The Fahaka Pufferfish, also known as the Nile Puffer, Globefish, Lineatus Puffer (Tetraodon lineatus), is a tropical freshwater Pufferfish found in the upper Nile, Chad, Senegal, Gambia, Geba, Volta and Turkana basins in West, Northeast and East Africa.
Fahaka Pufferfish can reach up to 43 cm in length. Like all Puffers, they have the ability to inflate when threatened and carry the toxin tetrodotoxin. Fahaka Pufferfish, like other molluscivores, feed mainly on benthic organisms which may include freshwater mussels and snails. They are typically found in large rivers, open water, weed beds and vegetated fringes.
This is a freshwater Puffer and does not require the addition of salt to its tank. We suggest a sandy substrate with smooth rocks and driftwood pieces for decoration. Leave plenty of open space for swimming. You can plant the aquarium if you wish but be prepared for bite marks to appear in the leaves if the Fahaka spots any morsels of food on them.
A generally aggressive and intolerant species that really should be kept alone. Its beak-like mouth can easily bite chunks from other fish, or in extreme cases rip them to pieces. If you decide to take the risk you will need a huge tank and tankmates that swim too quickly for the Puffer to catch them easily.
It is also very aggressive towards conspecifics. Some aquarists have had success keeping it in groups, but to attempt this an enormous tank. The fish will still bite one another and fight, no matter how large the tank, so «success» should be regarded as them not murdering one another!
There are no external sexual differences, but when they are full of eggs females take on a noticeably rounded appearance. Just prior to spawning a small ovipositor is visible.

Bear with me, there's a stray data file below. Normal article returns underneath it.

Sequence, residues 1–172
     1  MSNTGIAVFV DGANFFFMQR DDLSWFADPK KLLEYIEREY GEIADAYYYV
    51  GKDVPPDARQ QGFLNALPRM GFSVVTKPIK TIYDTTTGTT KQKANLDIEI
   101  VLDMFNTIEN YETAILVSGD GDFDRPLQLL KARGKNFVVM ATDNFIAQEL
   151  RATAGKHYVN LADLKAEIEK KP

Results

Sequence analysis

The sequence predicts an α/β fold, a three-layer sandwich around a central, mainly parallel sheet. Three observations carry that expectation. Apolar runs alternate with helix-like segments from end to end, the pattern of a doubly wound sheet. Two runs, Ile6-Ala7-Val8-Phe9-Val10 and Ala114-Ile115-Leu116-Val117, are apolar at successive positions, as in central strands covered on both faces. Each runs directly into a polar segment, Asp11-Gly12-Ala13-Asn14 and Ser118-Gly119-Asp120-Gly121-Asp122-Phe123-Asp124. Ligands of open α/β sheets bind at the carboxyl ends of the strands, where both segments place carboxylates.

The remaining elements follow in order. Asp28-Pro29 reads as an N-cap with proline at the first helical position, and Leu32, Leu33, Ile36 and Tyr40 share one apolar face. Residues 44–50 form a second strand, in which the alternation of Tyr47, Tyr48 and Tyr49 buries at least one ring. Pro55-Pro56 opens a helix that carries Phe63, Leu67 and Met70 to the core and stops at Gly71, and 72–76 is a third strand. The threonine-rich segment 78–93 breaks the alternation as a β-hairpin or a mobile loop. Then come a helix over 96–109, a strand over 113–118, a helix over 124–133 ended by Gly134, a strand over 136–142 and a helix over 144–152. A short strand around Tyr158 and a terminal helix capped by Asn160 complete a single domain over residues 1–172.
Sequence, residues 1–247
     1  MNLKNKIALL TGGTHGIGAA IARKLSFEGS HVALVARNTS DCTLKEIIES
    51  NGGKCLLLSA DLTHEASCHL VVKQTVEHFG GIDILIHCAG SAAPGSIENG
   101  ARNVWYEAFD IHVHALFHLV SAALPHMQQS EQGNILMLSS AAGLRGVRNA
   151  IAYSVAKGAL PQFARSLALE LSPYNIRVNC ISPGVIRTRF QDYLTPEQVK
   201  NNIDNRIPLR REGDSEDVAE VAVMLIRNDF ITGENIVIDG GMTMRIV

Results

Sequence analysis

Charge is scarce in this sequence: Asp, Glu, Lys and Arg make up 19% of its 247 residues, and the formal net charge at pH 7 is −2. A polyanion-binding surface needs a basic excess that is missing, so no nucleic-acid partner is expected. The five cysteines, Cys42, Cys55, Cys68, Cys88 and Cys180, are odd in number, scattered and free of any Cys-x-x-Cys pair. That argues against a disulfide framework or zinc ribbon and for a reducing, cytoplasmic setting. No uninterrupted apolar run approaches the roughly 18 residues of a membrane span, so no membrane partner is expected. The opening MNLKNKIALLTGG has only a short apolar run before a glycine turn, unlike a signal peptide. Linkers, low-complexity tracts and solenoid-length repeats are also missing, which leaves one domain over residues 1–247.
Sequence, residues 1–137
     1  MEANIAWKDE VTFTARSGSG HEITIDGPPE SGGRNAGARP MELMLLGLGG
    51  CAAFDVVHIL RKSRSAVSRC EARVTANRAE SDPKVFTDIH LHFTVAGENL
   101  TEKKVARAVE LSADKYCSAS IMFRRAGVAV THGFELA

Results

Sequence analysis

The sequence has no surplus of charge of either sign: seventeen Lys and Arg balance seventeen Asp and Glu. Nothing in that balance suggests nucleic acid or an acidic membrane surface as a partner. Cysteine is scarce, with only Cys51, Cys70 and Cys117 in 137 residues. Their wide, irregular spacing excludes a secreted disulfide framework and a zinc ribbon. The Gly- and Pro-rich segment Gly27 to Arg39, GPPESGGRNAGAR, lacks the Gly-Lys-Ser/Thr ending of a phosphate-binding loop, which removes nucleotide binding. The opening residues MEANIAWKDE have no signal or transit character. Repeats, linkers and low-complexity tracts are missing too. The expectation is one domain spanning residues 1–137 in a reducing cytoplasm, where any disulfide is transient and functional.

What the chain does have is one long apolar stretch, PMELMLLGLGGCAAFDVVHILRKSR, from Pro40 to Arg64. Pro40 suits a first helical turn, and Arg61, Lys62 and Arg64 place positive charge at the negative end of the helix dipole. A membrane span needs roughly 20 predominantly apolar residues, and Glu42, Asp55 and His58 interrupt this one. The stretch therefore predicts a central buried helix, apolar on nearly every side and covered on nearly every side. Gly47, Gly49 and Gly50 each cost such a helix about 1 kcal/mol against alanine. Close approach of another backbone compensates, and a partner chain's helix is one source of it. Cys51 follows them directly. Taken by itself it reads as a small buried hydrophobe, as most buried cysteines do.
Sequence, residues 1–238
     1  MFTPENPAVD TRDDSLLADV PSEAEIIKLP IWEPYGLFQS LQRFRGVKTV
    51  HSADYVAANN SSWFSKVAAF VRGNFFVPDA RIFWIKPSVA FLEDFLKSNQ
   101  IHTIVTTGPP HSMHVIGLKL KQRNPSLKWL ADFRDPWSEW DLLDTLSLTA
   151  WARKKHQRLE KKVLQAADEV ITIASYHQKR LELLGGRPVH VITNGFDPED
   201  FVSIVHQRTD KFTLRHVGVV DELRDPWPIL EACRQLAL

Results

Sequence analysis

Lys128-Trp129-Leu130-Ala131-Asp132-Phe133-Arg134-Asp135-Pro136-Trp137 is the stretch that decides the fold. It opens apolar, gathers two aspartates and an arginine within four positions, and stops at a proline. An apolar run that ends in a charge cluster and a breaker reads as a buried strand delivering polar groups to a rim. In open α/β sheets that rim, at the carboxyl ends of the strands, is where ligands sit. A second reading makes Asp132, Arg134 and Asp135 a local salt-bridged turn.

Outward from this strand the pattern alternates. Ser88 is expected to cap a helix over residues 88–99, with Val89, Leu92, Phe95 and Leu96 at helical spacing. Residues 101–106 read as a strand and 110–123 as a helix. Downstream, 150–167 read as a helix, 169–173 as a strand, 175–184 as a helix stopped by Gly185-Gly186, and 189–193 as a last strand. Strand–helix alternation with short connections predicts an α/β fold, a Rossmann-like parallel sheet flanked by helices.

Pufferfish are so-called as they have the ability to inflate their elastic stomachs with water or air. This is usually a response to some kind of threat, although in the aquarium many specimens appear to inflate themselves for no apparent reason. The fish becomes 2 or 3 times its normal size, big enough to scare away many potential predators, or difficult to swallow. Puffers are also one of the few fish that can actually blink or close their eyes.
Many parts of the body of puffers contain the deadly neurotoxin tetrodoxin. This is the same poison found in the notorious blue-ringed octopus. When ingested in sufficient quantities, it can cause paralysis and death. As yet there is no known antitoxin and to humans, it is over 1000 times deadlier than cyanide. Grotesquely, the victim usually remains conscious as he or she becomes paralysed. It’s a famous delicacy in Japan but is prepared only by highly-trained chefs, and even then many people have died from eating it. This need not worry you, but if you need to get rid of your Puffer sell it on. Getting the barbecue out is not recommended!
Also known as the Nile Puffer or Globefish, Tetraodon lineatus was previously named Tetraodon fahaka. It is an enigmatic species, as not only is it one of the most aggressive puffers available, but it will learn to interact with its owner, developing into a real pet. Its eyes appear to show real expression, and its ponderous movements are a joy to watch. It can also change colour depending on its mood or surroundings. Some specimens will puff up when they want attention and to see a fully-grown adult inflate to the size of a football is an amazing sight.